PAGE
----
Stokes, M. and James, C.
Brain-computer interfacing in rehabilitation
Clinical Neurophysiology, 117, (Supplement 1), . (doi:10.1016/j.clinph.2006.07.077).
Full text not available from this repository.
Brain–computer interfacing (BCI) systems involve controlling a computer using brain signals detected by electroencephalography (EEG). Signal processing software uses the EEG signal to control a cursor or application, such as word processing (Birbaumer et al., 1999 and Pfurtscheller et al., 1993). The field of BCI research is at a relatively early stage of producing reliable, robust systems that are widely accessible for everyday use. Several BCI research groups are developing systems to enable communication and environmental control for people with severe disabilities. A more recent area of exploration with BCI is for investigating mechanisms of normal function, dysfunction and recovery, as well as aiding diagnosis and re-training of function. The generation and control of EEG signals for driving a BCI system require training of the user. Methods include imagery tasks, evoked potentials and operant conditioning (for reviews see (Curran and Stokes, 2003 E. Curran and M. Stokes, Brain Cog 51 (2003), pp. 326–335.Curran and Stokes, 2003 and Kübler et al., 2001)). Signal processing techniques continue to be refined (James and Hesse, 2005) and are improving the accuracy and reliability of BCI technology but translation into routine clinical use is limited by several factors influencing accessibility and compliance. Surface or implanted recording devices can be used and for transient use in most areas of rehabilitation, surface electrodes are appropriate. An important aim of BCI research is to bridge the gap between major technological advances and the relatively limited success in practical applications. More clinical disciplines are encouraged to become involved in BCI research to achieve this aim.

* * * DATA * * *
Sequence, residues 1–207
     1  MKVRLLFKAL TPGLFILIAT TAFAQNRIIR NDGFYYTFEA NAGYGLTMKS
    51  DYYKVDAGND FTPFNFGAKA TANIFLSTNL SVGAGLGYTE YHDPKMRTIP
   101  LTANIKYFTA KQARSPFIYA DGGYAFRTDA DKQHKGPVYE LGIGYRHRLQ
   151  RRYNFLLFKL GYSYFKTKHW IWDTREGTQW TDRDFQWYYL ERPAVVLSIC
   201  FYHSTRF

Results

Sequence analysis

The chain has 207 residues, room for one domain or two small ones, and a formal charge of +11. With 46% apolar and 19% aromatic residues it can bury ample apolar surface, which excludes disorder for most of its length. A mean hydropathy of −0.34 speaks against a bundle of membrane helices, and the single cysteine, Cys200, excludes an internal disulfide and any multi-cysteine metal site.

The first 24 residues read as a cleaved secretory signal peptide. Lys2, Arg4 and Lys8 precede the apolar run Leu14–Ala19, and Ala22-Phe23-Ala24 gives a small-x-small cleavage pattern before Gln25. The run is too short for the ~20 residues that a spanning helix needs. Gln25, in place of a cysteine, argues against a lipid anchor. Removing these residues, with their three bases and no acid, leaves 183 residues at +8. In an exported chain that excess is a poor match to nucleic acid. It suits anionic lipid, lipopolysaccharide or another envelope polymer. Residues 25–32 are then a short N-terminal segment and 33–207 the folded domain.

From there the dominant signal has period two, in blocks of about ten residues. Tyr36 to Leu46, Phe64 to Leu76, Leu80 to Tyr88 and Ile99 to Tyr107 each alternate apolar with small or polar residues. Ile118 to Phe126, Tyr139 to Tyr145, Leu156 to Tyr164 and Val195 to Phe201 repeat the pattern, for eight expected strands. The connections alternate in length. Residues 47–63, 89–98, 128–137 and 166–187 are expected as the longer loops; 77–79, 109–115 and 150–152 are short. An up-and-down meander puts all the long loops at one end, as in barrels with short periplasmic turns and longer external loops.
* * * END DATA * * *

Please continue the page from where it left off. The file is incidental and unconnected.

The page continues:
Actions (login required)